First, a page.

UMass Amherst Center Releases Videos on 'Research that Matters'

Jon Clements
Jon Clements

AMHERST, Mass. – The work of a University of Massachusetts Amherst food scientist and a tree fruit extension educator are featured in two new videos released this week by the campus’s Center for Agriculture, Food and the Environment (CAFE).

Its director, Jody Jellison, says, “We want to let the public know about meaningful research being conducted at UMass Amherst that impacts our lives in positive ways. These short videos, with links to more information, are intended to get the word out.”

Rapid detection of harmful bacteria in food and water

Assistant professor of food science Lili He reports on a CAFE-funded project for which she and her colleagues are developing a rapid, new, low-cost method of detecting bacteria in water or food. Once commercially available, it will be useful to anyone serving fresh foods, whether home cooks, restaurant chefs, or aid workers at a natural disaster.

He is an analytical chemist and expert in detection methods for food contamination. She says, “Most people around the world cook their vegetables before eating, but here in the U.S. more and more people like to eat these foods raw. This gave us the idea that a quick test that can be done at home would be a good idea.”

She adds, “Microbial contamination is an important research topic right now. It has been a problem for a long time, but it is now the number one concern for food safety in the U.S.”Current standard methods for culturing bacteria from food samples take two days, but He says her method can give results in less than two hours.

Growing more apples in the same space: high-density orchards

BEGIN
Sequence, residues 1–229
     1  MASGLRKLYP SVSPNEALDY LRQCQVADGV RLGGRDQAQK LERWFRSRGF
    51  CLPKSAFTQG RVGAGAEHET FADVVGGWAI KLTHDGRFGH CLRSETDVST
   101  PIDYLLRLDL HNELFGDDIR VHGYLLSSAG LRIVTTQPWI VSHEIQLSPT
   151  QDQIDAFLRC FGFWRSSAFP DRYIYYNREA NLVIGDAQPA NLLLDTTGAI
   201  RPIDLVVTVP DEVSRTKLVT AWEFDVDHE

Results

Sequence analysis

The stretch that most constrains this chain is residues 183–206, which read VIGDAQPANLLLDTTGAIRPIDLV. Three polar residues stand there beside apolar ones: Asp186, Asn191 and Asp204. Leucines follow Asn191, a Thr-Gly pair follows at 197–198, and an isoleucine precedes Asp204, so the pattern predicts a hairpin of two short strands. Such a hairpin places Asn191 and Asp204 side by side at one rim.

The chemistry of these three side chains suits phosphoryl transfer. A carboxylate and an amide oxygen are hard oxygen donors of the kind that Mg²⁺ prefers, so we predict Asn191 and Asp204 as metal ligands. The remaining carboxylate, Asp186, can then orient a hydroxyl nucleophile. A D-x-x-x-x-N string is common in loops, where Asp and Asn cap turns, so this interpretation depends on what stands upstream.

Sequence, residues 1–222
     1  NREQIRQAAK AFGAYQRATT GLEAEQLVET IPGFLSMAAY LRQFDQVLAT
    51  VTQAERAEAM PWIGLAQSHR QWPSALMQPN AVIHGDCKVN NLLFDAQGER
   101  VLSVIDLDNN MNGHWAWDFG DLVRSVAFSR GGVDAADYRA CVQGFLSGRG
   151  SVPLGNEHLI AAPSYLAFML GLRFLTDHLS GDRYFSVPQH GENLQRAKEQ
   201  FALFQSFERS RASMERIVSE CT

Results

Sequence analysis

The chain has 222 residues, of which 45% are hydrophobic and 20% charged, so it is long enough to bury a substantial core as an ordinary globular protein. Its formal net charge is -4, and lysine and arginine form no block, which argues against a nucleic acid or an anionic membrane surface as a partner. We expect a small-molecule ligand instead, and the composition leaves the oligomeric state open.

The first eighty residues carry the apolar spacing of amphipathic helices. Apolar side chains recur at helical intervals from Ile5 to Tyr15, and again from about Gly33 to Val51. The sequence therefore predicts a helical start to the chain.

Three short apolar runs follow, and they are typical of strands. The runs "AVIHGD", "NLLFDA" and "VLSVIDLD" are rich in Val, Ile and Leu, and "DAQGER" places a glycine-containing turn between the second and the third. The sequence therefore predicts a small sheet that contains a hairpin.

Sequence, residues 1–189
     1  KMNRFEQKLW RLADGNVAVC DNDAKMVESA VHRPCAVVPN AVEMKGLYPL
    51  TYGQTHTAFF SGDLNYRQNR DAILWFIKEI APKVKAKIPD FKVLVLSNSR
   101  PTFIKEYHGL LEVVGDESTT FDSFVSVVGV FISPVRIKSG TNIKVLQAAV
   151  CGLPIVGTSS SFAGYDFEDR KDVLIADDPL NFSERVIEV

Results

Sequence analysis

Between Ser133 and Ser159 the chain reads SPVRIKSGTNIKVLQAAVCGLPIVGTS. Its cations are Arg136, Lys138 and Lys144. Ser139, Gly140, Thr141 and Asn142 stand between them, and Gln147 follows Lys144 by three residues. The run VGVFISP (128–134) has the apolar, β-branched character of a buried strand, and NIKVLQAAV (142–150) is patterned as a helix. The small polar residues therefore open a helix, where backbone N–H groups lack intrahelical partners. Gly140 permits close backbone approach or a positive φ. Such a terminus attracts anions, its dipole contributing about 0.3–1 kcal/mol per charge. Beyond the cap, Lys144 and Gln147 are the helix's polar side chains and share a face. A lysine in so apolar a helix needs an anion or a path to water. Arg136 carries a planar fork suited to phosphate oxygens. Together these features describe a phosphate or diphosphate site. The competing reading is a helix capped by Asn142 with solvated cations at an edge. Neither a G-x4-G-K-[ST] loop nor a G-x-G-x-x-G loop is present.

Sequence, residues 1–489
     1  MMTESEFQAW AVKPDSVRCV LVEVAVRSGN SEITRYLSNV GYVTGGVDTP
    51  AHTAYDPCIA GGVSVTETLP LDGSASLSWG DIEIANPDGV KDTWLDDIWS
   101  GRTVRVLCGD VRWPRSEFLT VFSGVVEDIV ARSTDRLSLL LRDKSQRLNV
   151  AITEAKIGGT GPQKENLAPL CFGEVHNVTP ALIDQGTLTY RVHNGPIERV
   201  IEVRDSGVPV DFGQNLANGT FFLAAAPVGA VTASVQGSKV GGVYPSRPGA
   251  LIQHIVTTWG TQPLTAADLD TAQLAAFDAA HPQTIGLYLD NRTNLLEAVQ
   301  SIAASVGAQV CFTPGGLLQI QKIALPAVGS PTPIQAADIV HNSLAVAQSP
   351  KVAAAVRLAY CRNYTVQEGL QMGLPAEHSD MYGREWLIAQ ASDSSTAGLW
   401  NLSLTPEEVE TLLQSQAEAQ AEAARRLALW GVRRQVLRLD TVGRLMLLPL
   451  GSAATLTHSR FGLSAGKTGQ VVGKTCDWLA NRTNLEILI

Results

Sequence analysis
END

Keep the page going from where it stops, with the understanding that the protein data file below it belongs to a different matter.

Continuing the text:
Fruit production specialist Jon Clements of UMass Extension demonstrates more efficient growing methods to produce greater yields and higher-quality fruit from apple orchards. He says this new technique is the way of the future for the next generation of apple growers in Massachusetts and other apple growing regions.

The move toward high-density apple production has been the number one change in orchards in the last 25 years, Clements points out. It has brought greater profitability and makes orchards more sustainable. In a high-density orchard, trees are planted closer together so they gain little height as they grow but expose the apples to more sun.

The CAFE at UMass Amherst focuses on educational support for fruit growers and other agricultural producers while UMass Extension is devoted to outreach education and the delivery of new research-based techniques and technologies for practical application. CAFE is also the home of the Massachusetts Agricultural Experiment Station, which provides research support to faculty in many academic departments.

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